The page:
Regenerative Medicine

Healthcare professional with petri dish.

The regenerative medicine team in the Todd and Karen Wanek Family Program for HLHS at Mayo Clinic focuses on creating patient-specific stem cell-based interventions for HLHS.

Today's standard treatment for HLHS entails a three-stage surgery that enables the right side of the patient's heart to pump blood to the entire body.

While the current treatment is effective, it does not eliminate the risk that the patient will eventually need a heart transplant. Because the right side of the heart is not meant to support the entire body, the strain on the heart can lead to declines in its pumping ability over time, making a transplant necessary.

Regenerative medicine may help scientists restore the right side of the heart's pumping ability when it begins to decline, or may even help prevent the decline altogether, eliminating the need for a heart transplant. Using different types of stem cells from various sources — including cells from the patient's own body — regenerative medicine may be able to replace or regenerate defective heart tissue, leaving new, healthy tissue in its place.

Long-term objective

Regenerative medicine researchers in the program aim to discover the safest and most effective regenerative therapies for HLHS and make them clinically available.

Investigative strategy

The Todd and Karen Wanek Family Program for HLHS' regenerative medicine team works to determine from where and from whom therapeutic stem cells can originate and when best to deliver the cells to patients. The team's research strategies include:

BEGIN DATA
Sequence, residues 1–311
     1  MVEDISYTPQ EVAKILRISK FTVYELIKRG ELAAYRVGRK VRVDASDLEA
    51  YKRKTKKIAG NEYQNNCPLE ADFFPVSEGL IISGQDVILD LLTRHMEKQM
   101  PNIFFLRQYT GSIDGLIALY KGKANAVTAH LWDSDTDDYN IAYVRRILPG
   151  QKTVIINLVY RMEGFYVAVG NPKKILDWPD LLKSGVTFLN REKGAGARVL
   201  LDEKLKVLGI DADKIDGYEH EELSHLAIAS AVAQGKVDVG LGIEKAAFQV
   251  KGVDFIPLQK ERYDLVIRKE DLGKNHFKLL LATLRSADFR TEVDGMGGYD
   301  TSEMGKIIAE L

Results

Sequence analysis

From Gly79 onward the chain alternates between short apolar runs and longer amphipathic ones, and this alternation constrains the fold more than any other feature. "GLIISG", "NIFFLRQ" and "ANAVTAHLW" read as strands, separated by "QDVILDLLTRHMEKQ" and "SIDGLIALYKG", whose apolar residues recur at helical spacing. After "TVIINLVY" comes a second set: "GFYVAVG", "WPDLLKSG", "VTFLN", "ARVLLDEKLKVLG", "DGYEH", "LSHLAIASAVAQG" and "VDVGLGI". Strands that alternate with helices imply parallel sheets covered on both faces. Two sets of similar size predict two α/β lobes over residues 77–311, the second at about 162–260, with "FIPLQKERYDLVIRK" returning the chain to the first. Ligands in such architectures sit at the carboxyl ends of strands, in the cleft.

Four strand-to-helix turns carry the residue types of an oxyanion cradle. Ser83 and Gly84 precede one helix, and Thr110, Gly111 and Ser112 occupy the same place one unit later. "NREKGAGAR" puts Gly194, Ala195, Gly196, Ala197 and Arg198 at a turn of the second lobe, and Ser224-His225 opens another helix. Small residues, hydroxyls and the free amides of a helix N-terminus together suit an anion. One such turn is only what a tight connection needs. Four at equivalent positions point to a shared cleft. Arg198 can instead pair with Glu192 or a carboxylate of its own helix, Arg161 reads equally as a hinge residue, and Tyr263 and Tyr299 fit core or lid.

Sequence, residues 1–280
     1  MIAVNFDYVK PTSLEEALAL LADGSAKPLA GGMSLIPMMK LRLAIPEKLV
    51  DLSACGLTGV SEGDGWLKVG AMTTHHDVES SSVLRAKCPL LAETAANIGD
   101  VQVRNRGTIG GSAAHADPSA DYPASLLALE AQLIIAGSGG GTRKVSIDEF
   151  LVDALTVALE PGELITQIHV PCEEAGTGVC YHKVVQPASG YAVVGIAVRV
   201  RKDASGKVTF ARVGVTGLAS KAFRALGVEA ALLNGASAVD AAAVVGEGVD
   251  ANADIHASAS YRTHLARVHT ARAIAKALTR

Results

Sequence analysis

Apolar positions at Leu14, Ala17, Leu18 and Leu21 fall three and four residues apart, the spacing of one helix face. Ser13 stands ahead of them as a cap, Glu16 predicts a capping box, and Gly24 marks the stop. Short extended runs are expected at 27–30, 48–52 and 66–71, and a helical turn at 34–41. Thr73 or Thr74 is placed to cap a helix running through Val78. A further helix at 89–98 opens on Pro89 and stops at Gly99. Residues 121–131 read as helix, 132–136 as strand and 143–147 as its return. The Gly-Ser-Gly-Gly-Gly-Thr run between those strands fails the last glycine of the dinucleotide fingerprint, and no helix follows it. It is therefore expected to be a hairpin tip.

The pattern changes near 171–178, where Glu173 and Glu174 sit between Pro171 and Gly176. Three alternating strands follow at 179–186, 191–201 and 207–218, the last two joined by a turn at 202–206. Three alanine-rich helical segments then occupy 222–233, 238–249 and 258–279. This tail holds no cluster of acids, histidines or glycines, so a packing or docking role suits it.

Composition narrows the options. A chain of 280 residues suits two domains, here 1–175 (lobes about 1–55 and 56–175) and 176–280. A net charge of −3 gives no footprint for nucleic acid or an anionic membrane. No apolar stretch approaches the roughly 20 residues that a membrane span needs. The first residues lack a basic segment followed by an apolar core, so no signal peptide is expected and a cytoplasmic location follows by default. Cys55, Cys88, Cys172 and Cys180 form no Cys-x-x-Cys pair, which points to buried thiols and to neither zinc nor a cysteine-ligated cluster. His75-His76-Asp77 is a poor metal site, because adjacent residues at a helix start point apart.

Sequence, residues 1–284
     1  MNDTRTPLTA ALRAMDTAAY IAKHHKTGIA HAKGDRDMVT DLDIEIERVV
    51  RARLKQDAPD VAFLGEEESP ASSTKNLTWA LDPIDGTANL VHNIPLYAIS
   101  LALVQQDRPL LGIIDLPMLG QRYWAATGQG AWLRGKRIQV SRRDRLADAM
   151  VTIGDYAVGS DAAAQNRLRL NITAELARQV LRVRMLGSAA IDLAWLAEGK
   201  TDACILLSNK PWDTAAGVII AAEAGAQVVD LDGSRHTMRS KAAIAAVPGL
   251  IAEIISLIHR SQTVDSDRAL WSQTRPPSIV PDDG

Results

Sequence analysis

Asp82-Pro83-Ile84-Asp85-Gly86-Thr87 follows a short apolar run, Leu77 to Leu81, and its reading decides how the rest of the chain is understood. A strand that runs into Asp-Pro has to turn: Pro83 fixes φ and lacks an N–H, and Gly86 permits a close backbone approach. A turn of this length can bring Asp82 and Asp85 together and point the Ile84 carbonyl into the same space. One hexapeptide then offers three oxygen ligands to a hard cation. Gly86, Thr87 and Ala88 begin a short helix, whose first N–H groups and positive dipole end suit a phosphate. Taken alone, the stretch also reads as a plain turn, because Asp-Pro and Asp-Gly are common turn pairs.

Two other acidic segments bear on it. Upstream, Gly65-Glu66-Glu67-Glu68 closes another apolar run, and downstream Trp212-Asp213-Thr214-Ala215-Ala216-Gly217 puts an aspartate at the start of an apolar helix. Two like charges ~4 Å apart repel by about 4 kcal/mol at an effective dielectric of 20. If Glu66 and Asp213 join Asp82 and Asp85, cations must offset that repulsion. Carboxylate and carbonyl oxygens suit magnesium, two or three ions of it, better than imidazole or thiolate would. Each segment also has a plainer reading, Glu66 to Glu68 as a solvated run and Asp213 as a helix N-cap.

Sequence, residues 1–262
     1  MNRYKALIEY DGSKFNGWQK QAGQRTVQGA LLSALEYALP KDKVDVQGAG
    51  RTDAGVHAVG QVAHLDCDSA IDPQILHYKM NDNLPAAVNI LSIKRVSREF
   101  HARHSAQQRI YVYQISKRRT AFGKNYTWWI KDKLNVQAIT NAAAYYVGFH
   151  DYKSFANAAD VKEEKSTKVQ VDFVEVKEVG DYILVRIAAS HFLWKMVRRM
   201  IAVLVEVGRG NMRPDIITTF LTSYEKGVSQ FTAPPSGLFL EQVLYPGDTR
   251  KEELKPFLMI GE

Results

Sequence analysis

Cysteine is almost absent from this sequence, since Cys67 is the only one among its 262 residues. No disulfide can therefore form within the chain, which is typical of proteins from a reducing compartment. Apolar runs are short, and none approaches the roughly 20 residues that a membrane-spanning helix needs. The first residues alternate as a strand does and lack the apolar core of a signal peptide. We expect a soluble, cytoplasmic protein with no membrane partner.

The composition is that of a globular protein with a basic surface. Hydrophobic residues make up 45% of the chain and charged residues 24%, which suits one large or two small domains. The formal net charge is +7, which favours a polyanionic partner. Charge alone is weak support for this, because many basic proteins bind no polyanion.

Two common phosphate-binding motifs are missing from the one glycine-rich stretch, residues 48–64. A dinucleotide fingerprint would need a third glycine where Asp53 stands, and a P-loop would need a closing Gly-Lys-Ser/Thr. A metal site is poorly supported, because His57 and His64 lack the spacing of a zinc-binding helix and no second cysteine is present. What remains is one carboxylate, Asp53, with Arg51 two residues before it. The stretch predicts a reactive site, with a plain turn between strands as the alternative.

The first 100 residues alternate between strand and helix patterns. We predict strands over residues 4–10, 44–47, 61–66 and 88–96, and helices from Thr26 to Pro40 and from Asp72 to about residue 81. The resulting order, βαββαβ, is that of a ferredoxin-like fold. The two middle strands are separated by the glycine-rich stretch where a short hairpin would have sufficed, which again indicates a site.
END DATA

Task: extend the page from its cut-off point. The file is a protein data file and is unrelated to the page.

• Tissue and biomarker profiling. Researchers collect surgically discarded tissue from children with HLHS and skin biopsies from their unaffected parents. The researchers use the samples to create reprogrammed, pluripotent cell lines capable of differentiating into patient-specific cardiac tissue. The team then searches at the molecular level for differences between bioengineered cardiac tissue from children with HLHS and similar tissue from their unaffected parents.
  • Development of a preclinical model. Before promising stem cell-based regenerative therapies for HLHS can be offered in clinical trials, researchers must evaluate efficacy in preclinical models.

    Program investigators are working to create a preclinical model of HLHS in which the right ventricle is overworked — just like in people with HLHS — to assess the effectiveness of emerging regenerative methodologies in repairing damaged cardiac tissue.

  • Umbilical cord blood. Program researchers are studying whether people with HLHS could benefit from direct myocardial injection of stem cells from umbilical cord blood during HLHS-related surgical procedures.